The Story of the WWII bomber, Lady Be Good, and her crew. Lower level meeting room.
Thursday, August 17 at 6:30 p.m.
Local historian Dick Campbell tells the story of the American Liberator bomber, Lady Be Good, which vanished into the night on April 4, 1943. Discovery of the downed aircraft 15 years later uncovered evidence of the crew’s desperate and unsuccessful attempts to survive in the aftermath.
On April 4, 1943, a World War II American B-24D Liberator bomber, nicknamed ‘Lady Be Good’, vanished into the night while returning to her airbase at Soluch, Libya, following a mission to Naples, Italy. All attempts to find the aircraft and her crew proved unsuccessful, and they became just one more casualty of the war. Fifteen years later, oil geologists, flying over the Libyan Desert, spotted the bomber’s well-preserved remains from the air some 440 miles southeast of Soluch. Eventually, through many months of exploration, they located the remains of eight of the nine crewmembers and evidence of their desperate attempt to survive in the forbidding desert environment, where temperatures rose to 130 degrees during the day and dropped to almost freezing at night. This is a story of one of the most extraordinary combat incidents of World War II and one of the most indomitable and futile episodes of desert survival.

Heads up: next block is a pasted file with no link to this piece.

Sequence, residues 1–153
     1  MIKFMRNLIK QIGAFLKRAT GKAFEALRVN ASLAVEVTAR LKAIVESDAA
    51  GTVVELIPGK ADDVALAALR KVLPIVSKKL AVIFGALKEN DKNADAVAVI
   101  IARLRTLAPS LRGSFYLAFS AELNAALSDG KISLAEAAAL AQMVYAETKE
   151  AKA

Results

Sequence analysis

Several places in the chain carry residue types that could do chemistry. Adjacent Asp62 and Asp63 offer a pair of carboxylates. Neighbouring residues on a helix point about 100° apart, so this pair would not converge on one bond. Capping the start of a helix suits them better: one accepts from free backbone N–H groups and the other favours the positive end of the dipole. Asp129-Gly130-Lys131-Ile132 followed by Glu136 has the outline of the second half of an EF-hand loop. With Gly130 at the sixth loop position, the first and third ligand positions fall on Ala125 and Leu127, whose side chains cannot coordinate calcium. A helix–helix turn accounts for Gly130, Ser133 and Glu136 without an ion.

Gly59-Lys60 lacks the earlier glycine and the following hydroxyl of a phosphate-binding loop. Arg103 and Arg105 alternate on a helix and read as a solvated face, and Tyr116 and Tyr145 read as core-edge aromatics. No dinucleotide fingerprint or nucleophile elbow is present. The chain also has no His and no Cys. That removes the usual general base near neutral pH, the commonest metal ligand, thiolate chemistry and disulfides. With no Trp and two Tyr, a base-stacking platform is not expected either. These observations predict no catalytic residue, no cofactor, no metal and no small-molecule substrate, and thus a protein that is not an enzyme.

Lower level meeting room.